Edificio José de Diego in Mayagüez – Historic Gem
More commonly referred to as the Rectoria, the Edificio José de Diego was constructed between 1913 and 1916 to serve as the Science department of the University of Puerto Rico campus in Mayagüez. In 1977 it was placed on the United States National Register of Historic Places, a directory run by the National Park Services of the US Department of the Interior, which assists property owners and special interest groups preserve buildings deemed to be of historic significance.
While not falling into any specific architectural style, but rather using elements from a range of styles, the stately building is aesthetically pleasing. A wide flight of steps leads up a grassy embankment to the main entrance, which is flanked by two pillars supporting a frieze with the name of the University on it. Balconies with pillared railings extend almost completely across the front of the ground and first floor of the building, and the clock tower stands at least another two floors in height above the main entrance, making it an easily recognizable landmark on the campus. In addition to administrative office, the building contains a library and nine lecture rooms.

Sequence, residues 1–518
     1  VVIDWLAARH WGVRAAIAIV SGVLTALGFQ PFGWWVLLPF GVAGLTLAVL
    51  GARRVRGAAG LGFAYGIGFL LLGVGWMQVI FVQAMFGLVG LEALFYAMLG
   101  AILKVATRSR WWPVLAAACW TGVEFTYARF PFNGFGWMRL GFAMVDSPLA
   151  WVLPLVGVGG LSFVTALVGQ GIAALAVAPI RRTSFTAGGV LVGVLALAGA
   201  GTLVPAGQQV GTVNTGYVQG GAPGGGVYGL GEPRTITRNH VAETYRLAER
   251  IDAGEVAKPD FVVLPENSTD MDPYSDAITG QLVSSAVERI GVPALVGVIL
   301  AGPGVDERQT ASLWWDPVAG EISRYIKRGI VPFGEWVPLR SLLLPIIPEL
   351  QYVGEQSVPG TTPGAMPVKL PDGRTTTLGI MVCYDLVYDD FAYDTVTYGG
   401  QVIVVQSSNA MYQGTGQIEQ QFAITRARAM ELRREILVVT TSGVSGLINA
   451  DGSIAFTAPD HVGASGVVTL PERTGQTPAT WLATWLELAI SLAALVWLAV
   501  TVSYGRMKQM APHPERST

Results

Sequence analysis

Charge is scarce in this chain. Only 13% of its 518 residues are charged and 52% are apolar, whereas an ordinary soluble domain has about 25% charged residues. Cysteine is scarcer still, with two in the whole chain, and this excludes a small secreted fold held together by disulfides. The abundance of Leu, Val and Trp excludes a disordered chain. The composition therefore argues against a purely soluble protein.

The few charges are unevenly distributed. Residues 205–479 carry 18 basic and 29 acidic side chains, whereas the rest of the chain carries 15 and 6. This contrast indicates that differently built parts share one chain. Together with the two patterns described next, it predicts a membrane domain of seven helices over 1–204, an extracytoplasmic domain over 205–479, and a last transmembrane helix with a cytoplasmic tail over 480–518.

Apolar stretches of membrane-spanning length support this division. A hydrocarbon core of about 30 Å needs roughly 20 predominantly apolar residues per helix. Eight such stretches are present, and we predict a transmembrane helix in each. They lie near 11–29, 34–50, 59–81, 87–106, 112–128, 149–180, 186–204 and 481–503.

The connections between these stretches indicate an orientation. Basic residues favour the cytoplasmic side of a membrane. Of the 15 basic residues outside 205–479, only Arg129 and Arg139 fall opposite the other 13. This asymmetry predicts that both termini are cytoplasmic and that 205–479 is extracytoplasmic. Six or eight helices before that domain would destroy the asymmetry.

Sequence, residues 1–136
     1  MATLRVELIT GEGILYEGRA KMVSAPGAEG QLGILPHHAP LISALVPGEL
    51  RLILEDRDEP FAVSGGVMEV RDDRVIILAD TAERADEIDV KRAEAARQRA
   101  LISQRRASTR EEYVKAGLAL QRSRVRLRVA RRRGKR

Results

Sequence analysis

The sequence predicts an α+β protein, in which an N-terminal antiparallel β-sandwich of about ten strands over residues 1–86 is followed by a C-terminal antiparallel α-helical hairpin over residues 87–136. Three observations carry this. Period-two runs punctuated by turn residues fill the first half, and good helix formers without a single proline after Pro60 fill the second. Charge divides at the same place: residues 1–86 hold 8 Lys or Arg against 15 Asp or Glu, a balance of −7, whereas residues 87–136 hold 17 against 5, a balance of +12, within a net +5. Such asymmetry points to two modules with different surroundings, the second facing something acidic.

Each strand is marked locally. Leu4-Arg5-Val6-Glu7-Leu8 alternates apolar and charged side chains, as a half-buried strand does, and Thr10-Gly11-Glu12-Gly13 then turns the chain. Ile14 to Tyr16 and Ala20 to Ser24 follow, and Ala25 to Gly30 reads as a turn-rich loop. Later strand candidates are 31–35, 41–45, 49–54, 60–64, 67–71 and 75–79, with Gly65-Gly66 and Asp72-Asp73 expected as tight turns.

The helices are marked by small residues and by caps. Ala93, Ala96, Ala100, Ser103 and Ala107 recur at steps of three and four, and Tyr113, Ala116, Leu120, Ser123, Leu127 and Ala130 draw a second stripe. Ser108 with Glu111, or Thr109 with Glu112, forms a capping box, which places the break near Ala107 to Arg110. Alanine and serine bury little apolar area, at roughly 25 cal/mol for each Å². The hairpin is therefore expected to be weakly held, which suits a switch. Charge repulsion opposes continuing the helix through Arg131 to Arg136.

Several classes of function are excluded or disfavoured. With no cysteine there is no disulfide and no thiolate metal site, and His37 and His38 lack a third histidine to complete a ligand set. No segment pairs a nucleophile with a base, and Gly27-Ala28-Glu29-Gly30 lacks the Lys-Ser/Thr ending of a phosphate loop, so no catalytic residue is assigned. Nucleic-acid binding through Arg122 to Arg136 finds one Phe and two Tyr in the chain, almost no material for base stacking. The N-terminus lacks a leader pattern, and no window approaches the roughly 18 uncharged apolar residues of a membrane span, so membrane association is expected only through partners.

The Rectoria was damaged in one of Puerto Rico’s worst natural disasters, the San Fermin earthquake in 1918, but was fully restored, and in 1921 the building was named in honor of José de Diego, the founder of the campus, and an influential figure in the history of Puerto Rico. Referred to as the “Father of the Puerto Rican Independence Movement”, José de Diego (1866-1918) was a journalist, statesman, poet and lawyer, who is most likely best remembered politically for being an outspoken advocate for the independence of Puerto Rico, first from Spain, and later from the United States. In literary circles, José de Diego was known as the “Father of the Modern Puerto Rican Poetry Movement” for his heartfelt poetic expressions. Following his death on 16 July 1918, de Diego was buried in San Juan. The Edificio José de Diego in Mayagüez remains as a reminder of his many contributions to Puerto Rican society and identity.